2016 was an incredibly exciting year for the historical market town of Antequera, in the north of the province of Malaga in Andalucia. Antequera’s ancient burial chambers, or Dolmens, were awarded UNESCO World Heritage status, giving Antequera its well-deserved place on the map at last. With an influx of tourism since this wonderful news last year, Antequera is bracing itself for a bumper year of visitors, all wanting a taste of this latest UNESCO World Heritage listing, quite rightly too.
More about the Dolmens
Dolmens are burial chambers, megalithic monuments built in the Neolithic and Bronze Age. They are made of huge stone blocks, quite a feat of engineering of their time and are some of the most important and impressive structures of European pre-history. There are three of these remarkable structures in Antequera, some of the best examples to be found in Europe, and they are Dolmen Menga, Dolmen Viera and Dolmen El Romeral. Dolmens are traditionally built with their entrances facing the sun at noon or important natural structures that are found nearby. In the case of the Antequera Dolmens, Menga was built to face La Peña de los Enamorados Mountain, Viera faces where the sun rises on the equinoxes and El Romeral is uniquely facing the El Torcal Mountain range. Menga and Viera were constructed between 3000 and 3500 BC and El Romeral was built a little later, around 2500 BC which makes them at least 5000 years old.
Other UNESCO sites in Antequera
Also awarded UNESCO World Heritage status in 2016 were La Peña de los Enamorados (Lover’s Rock) mountain and the mountain range of El Torcal. La Peña de los Enamorados is the mountain between the towns of Antequera and Archidona, it looks like the profile of a ‘sleeping giant’ which is the other name it’s known by locally. The story goes that lovers from the two towns, and from rival families of two different religions, ran away together but after being pursued by soldiers from both their families they climbed the lover’s rock where they had no option but to throw themselves off, rather that than be separated by their warring families. The El Torcal mountain range and natural park is made up of limestone formations, created under the sea in times when the sea level was much higher, making a strangely pre-historic landscape of stunning stone structures.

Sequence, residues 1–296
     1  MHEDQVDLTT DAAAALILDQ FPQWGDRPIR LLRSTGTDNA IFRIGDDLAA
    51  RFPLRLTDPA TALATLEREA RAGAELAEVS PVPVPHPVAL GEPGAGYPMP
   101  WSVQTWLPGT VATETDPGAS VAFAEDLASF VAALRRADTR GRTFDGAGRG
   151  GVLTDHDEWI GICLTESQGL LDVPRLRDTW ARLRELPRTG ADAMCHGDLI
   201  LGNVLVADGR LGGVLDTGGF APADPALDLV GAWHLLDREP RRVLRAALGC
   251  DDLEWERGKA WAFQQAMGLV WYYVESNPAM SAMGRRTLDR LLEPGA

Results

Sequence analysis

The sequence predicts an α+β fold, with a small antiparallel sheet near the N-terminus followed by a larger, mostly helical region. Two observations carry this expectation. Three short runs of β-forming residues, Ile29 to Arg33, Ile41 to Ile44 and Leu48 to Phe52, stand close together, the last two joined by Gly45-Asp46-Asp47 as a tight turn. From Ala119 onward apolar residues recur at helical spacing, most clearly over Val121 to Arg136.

The town of Antequera is awash with churches and convents, more than 30 in total, all from different eras and therefore built in different architectural styles, each as beautiful as the next. There are also four large gates on the outskirts of Antequera, the Arco de los Gigantes built in 1585, is possibly the most famous and is located at Antequera castle. The other three gates are the Puerta de Granada, Puerta de Estepa and the Puerta de Malaga, all beautifully preserved and have stood the test of time since they were built in Roman times. The Puerta de Estepa is the iconic arch in the middle of the roundabout as you enter Antequera from the west, it is actually a reconstruction of the original that was built in 1749, which was knocked down to allow easier access into Antequera. The bull ring and museum of Antequera are quite stunning and a must-see, even if you don’t agree with the sport itself. There are several galleries in the town including contemporary art, the municipal museum and the olive oil museum, the house of culture at the top end of the main street in Antequera often holds temporary art exhibitions.
All in all, Antequera is a wonderful place to visit, there is so much to see and do and a whole world of culture and history to discover. To take a tour of this fabulous town contact us and we will arrange a magical day for you and your group with our expert guides.